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  8. I'd say that's a mottled shieldbug instar.

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    1. Ooh thanks, louise- I'll look it up :o)

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  9. That was completely fascinating about the Holly Blue. They are usually the first butterfly I see in my garden and great to think the eggs were laid in the flowering ivy which I also have in my wild woodland patch. Poppy is so faithful.

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    1. How wonderful that you have them in your garden in the Spring. We need some Holly in ours now I think!
      Pop says thank you- faithful is a much better description than naughty, which is what she often gets! x

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  10. What a lovely post. I am also an admirer of the humble ivy. I love that shot of the Brimstones contrasted with the sweet pea - stunning. Your dogs are so adorable, is there anything more pitiful than a pups cry or as content as a sleeping dog? Xx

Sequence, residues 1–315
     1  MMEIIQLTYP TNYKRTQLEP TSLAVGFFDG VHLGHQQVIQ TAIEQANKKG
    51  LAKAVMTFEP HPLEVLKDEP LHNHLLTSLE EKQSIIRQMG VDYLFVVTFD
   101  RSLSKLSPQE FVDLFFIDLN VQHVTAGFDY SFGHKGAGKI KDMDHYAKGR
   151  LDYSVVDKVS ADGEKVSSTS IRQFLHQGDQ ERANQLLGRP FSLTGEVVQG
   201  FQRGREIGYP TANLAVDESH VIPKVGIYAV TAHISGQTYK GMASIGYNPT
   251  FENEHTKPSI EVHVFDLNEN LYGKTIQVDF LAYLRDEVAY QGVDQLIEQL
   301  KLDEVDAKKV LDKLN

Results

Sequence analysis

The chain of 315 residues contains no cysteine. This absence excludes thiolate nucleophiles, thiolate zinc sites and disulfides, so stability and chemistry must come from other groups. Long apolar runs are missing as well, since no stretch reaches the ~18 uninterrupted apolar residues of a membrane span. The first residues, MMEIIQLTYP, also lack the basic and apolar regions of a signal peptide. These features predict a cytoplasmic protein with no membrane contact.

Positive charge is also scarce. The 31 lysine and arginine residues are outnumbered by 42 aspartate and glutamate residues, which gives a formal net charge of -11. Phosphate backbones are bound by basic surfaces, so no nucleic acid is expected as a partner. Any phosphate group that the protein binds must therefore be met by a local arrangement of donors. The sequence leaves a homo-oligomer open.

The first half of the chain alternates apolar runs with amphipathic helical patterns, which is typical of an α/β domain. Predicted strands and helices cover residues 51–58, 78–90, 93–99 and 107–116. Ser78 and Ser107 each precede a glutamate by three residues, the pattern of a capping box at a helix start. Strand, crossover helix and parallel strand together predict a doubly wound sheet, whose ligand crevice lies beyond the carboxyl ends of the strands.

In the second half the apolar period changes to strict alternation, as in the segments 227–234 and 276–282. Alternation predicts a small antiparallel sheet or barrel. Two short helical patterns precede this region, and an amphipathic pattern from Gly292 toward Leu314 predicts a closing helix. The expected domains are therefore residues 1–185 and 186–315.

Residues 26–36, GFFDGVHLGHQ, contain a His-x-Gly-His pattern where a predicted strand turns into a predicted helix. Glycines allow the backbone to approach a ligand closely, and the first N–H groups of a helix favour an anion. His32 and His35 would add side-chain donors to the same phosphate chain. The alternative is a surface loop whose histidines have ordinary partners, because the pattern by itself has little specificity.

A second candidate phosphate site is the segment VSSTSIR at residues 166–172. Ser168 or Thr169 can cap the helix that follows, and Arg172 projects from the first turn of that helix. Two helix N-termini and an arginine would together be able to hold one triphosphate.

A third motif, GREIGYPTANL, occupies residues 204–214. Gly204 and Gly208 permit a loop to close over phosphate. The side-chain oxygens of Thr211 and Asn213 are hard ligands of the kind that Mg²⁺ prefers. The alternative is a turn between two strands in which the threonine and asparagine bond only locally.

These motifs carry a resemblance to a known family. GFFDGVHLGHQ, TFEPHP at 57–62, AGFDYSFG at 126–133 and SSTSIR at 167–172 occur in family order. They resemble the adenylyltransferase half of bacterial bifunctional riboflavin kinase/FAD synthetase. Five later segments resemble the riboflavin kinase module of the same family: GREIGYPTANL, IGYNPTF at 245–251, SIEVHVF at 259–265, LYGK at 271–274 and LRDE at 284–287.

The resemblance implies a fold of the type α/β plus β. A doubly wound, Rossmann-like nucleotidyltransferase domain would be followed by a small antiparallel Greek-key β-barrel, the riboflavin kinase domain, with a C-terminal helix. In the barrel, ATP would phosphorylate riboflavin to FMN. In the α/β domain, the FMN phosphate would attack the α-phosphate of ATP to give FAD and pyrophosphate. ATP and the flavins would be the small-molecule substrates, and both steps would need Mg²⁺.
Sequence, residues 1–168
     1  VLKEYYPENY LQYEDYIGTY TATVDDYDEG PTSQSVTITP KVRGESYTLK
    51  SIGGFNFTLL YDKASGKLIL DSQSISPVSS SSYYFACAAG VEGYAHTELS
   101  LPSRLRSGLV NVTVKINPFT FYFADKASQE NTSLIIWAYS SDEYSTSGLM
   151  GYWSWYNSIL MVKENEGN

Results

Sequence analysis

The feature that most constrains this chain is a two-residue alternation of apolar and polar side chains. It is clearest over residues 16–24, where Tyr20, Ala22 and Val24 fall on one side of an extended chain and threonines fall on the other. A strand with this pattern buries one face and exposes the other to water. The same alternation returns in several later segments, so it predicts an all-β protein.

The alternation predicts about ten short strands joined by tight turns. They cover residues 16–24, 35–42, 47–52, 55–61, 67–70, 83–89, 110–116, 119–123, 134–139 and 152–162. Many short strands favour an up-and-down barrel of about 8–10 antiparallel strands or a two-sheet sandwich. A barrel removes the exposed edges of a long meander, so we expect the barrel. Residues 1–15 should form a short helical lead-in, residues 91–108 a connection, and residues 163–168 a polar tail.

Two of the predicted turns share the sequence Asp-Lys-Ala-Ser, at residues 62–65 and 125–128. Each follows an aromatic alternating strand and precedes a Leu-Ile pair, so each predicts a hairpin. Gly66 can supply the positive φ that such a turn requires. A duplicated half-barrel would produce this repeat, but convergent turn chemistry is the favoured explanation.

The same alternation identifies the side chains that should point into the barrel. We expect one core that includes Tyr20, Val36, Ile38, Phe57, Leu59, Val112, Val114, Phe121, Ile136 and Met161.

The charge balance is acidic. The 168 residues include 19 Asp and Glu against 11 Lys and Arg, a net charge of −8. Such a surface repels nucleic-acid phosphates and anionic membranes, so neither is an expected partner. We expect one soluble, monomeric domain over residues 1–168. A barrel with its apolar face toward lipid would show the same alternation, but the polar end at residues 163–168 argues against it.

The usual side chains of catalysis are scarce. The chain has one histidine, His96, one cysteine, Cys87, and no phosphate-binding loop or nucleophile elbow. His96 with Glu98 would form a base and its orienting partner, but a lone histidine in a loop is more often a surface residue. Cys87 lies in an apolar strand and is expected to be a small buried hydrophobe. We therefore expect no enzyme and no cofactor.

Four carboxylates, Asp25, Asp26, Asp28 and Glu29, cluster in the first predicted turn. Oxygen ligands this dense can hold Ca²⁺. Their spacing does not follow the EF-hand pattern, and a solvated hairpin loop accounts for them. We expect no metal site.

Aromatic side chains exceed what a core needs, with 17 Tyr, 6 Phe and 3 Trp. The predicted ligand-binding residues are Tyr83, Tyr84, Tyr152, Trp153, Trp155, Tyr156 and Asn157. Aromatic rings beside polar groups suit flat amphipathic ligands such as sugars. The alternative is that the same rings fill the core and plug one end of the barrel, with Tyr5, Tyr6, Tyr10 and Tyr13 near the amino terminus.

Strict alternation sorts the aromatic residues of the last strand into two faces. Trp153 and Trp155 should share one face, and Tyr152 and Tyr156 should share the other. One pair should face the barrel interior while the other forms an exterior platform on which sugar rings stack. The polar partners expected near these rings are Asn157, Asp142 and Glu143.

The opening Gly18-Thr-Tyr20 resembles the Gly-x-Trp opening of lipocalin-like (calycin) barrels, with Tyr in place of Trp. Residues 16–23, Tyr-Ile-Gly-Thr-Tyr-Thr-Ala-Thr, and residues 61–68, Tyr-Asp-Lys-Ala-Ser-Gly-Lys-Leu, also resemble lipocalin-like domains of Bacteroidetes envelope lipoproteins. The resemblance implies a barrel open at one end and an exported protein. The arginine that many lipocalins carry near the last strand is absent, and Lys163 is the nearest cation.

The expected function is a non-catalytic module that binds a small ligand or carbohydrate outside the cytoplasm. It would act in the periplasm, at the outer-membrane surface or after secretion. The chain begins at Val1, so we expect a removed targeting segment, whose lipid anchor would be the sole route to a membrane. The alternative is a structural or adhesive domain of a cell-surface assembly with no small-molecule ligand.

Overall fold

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    1. Glad you enjoyed :o) Yes, doggies curled up contentedly by the fire are a sight for sore eyes, and Pop whistling for whichever family member is out is a heart-wrencher xx

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  11. Such beautiful butterflies, especially the holly blue :)

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  12. Lovely photos of the Holly Blue and Brimstone - I never have much luck photographing HB's, A female was laying eggs in the ivy here earlier in the week. I constantly have to go on at OH about constantly trimming stuff like ivy!